Nine Easy Steps for Opening Your Cottage

Find out what to check around your cottage, on your insurance policy and more.

Once the weather warms up, cottage season ramps up in full force. If you’re lucky enough to be a cottage owner, that first trip up will involve a little work. Before you can start enjoying lazy days on the dock and breezy nights on the deck, or even listing your cottage for rent, you’ll be faced with opening your cottage. Start by arranging to have utilities turned back on before you arrive. Then, once you get to the cottage, follow these nine simple steps from CAA Insurance to start enjoying cottage life in no time.

  • Start at the top
  • Walk around
  • Inspect the septic system
  • Check for mold
  • Check for critters
  • Test your carbon monoxide and smoke detectors
  • Make sure your cottage insurance is up to date
  • Fire prevention and detection
  • Keep an emergency kit on hand at all times

1. Start at the top.

Check your roof for any missing shingles, holes or damage caused by winter weather. Holes can cause drafts or allow water to seep in. If you notice anything that you can’t repair yourself, call in a professional to help.

2. Walk around.

The great Canadian winter can cause cracks in foundation, broken windows, damage to porch screens, decks or chimneys, so inspect for these. If you’re lakeside, check your dock and water toys for damage too.

3. Inspect the septic system (if you have one).

You should empty your septic tank every five to seven years. Unsure when yours was last emptied? Call a professional. Also speak to one if you notice any of the following: bad odours, water pools/damp spots around the septic tank, gurgling sounds in the plumbing system and slow draining bathtubs, showers and sinks. You don’t want water or sewage coming up your toilets, drains and sinks, so take the time to inspect carefully.

4. Check inside for mould or mildew.

If your cottage has sat unused for months, you’ll likely be greeted by stale air. Open the windows to let fresh air in and check for mould and mildew around the sills. Check the walls and in bathrooms too. You can clean smaller patches yourself with the proper products and safety gear. Bigger ones will require a professional.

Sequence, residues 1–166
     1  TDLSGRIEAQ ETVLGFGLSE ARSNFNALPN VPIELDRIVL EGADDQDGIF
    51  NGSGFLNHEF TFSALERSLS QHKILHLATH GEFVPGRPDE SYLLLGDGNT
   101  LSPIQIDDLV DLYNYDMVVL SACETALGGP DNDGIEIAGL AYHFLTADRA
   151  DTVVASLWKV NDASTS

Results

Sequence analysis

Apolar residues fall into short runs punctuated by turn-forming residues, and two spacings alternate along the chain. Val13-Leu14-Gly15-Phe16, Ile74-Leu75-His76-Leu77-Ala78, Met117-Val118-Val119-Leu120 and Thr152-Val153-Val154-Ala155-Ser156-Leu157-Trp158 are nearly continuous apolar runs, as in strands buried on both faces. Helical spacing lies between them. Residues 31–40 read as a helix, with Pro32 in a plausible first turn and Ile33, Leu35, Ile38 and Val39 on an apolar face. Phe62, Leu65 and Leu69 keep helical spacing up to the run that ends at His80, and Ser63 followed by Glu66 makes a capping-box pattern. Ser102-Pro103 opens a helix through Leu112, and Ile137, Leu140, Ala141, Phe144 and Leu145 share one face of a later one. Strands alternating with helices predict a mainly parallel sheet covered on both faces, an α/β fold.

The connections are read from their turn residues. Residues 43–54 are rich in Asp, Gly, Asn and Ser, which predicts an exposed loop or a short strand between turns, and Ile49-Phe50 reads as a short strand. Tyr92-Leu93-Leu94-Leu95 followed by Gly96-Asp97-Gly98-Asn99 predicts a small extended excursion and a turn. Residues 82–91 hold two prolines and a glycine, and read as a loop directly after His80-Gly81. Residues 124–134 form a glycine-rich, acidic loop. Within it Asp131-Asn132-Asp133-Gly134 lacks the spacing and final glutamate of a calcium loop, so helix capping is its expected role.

5. Check for critters.

Nobody wants these types of guests at the cottage. Check drawers and cupboards for droppings; look for shredded paper or fabric nests; inspect food packages for chew marks; note any bad odours; look for holes in walls, window screens and floors that may be entry points. If you find any of these, proceed with caution. Then, purchase traps or call a professional.

6. Test your carbon monoxide and smoke detectors.

Carbon monoxide and smoke detectors save lives, so test yours before you start using your cottage again. Test your detectors by pressing and holding the test button. You should hear a loud sound; if the sound is weak, replace the batteries. Also, check the date on the back of your smoke detector, as these usually have a 10-year life span. While you’re at it, make sure your flashlight batteries are working too.

7. Make sure your cottage insurance is up to date.

It’s a good idea to review your seasonal property insurance policy before cottage season each year. Does your cottage insurance policy include all the boats, paddleboards, ATVs or jet skis you’ve purchased? Are you properly covered for fire, smoke and water damage? A good cottage insurance policy will cover damage caused by bears, burglary and vandalism. It will also protect you if you decide to rent out your cottage.

8. Fire prevention and detection.

Detecting a fire fast and early is key to staying safe and saving your property. Two of the most important items you must have for the inside of your cottage are a smoke detector and a carbon monoxide detector. If you have a multi-level cottage, install one of each of these on every floor and especially in the bedrooms. Detector lifespans range from five to ten years, so be sure to make a note of the date on which they were installed and change the batteries or replace the units periodically.

9. Keep an emergency kit on hand at all times.

Be sure to always have a first-aid kit and additional safety materials on hand. You should also have an emergency road kit in your car. Your basic cottage emergency kit should include:

  • First aid kit.
  • Water and/or a metal kettle that can be used over an open flame to boil drinking water.
  • Food that won’t spoil, such as canned food, energy bars and dried goods (replace food and water once a year).
  • Manual can opener.
  • Crank or battery-powered flashlight (and extra batteries that should be replaced once a year).
  • Extra car keys.
  • Some cash.
  • Candles and waterproof matches.
  • Hand sanitizer.
  • Other applicable items like prescription medication, infant formula, items and equipment for people with special needs.
  • Charged battery pack for your phone.

This list should be personalized according to your and your family’s needs.

CAA Insurance1 can help you find the right coverage as well as great ways to save on cottage and home insurance. Get ready for cottage season with a complimentary policy review by calling 1-833-673-3030 or visit carp.ca/CAA-home to learn more.

CAA2 is CARP’s Recommended provider for Auto, Home, Travel, Life and Pet Insurance. To learn more about our offerings and special perks available for CARP Members, visit carp.ca/CAA or call 1-833-673-3030.

1Property Insurance is underwritten by CAA Insurance Company.
2Visit carp.ca/CAA to see a list of underwriters covering various CAA insurance products.
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